Friday, October 22, 2010

NFL Hits

The National Football League is cracking down on high speed hits to the head.

They've enacted a rule this year that prohibits the practice of 'launching' - whereby a player, typically defensive, leaves his feet to dive head first into a player running at some degree of opposite angle. And it isn't just helmet to helmet contact - also now illegal is forearm to helmet, and shoulder to helmet delivered via the launch.

I know why defensive backs do these things. They are trying to intimidate receivers coming over the middle. This practice has actually been a response to the tightening of pass defense rules in the NFL over the years. It used to be difficult to cross the middle, because DB's could grab you on your cut, and linebackers always took a shot at you as you went past. Now with the 5 yard contact rule in the NFL, fast wide receivers achieve very high velocities on their pass patterns. Safeties in zone defenses launch themselves at those crossing receivers because trying to wrap up Larry Fitzgerald or Randy Moss at full speed is mostly futile.

The way to protect wide receivers is to slow them down. The way to slow them down is to eliminate the immensely irritating 5-yard contact rule. Slow receivers down, and the inevitable collisions in football will be less violent.

Another idea would be for the NFL to fine players proportionally according to the force of any given collision. Force is changed momentum over time. Momentum is mass multiplied by velocity. So the force of any collision in football has a lot to do with how fast two guys are going, how big they are, and at what angle they collide (head-on shortens the time for the change in momentum, creating more force - oblique angles create 'glancing blows' that are less forceful collisions.)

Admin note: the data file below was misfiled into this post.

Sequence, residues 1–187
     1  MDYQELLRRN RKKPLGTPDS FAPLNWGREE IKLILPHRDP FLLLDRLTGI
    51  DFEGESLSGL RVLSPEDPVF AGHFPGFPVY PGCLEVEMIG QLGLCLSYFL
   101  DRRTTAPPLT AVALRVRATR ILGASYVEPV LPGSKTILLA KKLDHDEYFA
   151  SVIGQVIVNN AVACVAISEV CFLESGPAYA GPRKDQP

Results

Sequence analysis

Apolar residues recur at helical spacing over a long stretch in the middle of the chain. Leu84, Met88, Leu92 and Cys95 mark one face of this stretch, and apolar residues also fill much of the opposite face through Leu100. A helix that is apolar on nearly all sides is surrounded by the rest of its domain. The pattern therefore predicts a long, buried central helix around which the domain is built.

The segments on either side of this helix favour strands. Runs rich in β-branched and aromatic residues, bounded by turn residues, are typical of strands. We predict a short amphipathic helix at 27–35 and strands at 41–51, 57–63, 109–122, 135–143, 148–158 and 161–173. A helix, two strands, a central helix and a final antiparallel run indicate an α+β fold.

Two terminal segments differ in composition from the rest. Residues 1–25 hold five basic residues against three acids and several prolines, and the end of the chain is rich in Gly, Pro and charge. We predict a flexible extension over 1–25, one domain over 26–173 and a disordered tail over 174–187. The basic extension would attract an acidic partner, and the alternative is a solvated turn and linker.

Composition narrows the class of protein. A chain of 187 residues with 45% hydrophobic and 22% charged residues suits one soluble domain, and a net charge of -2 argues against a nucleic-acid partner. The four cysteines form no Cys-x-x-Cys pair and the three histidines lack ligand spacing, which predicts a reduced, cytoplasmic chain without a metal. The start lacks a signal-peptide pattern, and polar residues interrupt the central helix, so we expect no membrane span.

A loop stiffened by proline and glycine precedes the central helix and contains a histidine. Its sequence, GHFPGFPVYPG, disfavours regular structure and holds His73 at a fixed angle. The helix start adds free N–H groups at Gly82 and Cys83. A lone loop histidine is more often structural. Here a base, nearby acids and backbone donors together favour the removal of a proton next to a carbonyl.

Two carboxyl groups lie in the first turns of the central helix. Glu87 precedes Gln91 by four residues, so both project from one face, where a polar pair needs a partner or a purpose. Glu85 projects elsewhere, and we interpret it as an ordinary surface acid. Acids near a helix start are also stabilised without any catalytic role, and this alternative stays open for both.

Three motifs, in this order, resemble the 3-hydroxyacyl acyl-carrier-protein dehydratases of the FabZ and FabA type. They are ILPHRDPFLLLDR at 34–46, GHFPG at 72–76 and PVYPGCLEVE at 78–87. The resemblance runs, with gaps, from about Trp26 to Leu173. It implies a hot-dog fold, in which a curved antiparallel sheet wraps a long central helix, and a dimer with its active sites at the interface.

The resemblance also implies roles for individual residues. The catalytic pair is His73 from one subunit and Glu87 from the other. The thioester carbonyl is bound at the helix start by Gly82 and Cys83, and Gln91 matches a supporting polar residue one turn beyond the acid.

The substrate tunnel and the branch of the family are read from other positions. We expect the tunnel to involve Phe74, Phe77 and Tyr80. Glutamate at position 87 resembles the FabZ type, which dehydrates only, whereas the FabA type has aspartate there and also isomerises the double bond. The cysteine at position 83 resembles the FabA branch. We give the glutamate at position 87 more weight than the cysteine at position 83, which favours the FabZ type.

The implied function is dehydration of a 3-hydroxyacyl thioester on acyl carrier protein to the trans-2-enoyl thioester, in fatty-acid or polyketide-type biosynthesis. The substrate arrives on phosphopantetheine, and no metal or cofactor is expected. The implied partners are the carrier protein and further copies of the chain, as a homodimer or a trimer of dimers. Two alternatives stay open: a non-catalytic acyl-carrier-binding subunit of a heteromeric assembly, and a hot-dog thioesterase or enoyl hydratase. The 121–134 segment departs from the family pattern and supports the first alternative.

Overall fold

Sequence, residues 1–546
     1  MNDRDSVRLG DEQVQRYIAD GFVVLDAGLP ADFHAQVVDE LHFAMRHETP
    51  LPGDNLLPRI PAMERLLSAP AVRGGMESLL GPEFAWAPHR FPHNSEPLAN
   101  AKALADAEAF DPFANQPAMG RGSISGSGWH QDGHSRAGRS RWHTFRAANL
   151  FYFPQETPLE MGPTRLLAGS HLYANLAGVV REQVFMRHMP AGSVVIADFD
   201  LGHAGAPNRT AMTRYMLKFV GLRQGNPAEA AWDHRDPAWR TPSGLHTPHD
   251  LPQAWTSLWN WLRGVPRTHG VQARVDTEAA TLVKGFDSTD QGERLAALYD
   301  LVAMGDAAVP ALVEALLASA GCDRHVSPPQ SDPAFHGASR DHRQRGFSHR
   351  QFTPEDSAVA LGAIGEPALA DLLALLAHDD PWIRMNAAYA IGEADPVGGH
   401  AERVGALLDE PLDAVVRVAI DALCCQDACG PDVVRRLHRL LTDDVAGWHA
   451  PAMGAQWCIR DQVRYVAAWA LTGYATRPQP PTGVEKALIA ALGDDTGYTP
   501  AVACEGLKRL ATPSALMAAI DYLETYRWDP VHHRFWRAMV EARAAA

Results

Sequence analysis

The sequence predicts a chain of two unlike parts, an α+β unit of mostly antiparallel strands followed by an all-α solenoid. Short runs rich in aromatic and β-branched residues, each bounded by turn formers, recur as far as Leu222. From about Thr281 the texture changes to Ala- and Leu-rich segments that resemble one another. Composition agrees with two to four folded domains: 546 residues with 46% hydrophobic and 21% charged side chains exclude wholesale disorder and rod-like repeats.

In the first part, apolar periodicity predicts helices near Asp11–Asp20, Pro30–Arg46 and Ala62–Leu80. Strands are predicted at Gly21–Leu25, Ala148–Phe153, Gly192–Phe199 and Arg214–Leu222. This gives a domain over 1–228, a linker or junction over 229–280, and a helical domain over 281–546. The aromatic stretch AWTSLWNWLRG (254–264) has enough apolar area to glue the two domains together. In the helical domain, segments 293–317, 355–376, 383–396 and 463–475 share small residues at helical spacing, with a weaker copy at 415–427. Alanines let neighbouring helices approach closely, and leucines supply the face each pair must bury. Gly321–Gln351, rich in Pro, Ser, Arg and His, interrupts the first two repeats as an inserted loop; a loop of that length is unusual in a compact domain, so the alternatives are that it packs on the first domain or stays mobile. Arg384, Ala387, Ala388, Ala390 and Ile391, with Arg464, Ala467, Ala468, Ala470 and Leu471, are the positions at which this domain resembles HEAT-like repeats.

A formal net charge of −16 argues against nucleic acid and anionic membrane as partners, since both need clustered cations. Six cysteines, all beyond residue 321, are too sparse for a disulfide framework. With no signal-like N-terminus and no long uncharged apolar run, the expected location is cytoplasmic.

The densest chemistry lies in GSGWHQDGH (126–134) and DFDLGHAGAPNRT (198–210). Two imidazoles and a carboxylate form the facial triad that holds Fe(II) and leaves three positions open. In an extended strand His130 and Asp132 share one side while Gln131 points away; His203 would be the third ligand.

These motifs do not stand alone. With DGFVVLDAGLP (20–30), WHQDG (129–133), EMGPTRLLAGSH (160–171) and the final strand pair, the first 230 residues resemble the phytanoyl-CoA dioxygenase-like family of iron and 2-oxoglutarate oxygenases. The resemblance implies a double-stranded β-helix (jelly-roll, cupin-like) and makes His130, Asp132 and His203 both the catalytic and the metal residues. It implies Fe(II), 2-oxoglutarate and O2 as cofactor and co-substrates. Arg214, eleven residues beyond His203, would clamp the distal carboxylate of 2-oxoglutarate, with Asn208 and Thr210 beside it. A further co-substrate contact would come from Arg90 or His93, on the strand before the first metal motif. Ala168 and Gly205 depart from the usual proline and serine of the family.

1. Should the NFL compel wide receivers to run routes at certain angles? Do the angles of the routes have any bearing on the increasing or decreasing incidence of injury?
  2. Should the NFL consider whether the wide receiver crossed the field with reckless velocity?
  3. What should the NFL do about receivers that 'launch' themselves to catch a pass? Is that a reckless disregard for defenders?
  4. Maybe the blame for the angle of a given collision that contributes to an excessive force problem should be placed on the coach that drew the route? Or perhaps blame could be placed on the quarterback that threw the poor pass that caused a last-second adjustment and an unfortunate change in angle?
Obviously, they're not going to adopt ANY of those ideas. The owners like passing. But the truth is, if we don't slow receivers down and simply succeed in lowering the target hitting points for defensive backs - which is I think, the goal of the league - we will soon be discovering a rash of different injuries - neck, ribs, knees, etc. - and then the owners will wonder what they ought to do about that.

Wednesday, October 6, 2010

Ambidexterity is Good Thing

Our White team's right-footed punter, seeing the heavy rush from his right, calmly booted the ball left-footed.

I've never seen that before.

Lesson for football coaches: If in doubt about who you should choose to be your punter, a soccer player is not a bad idea.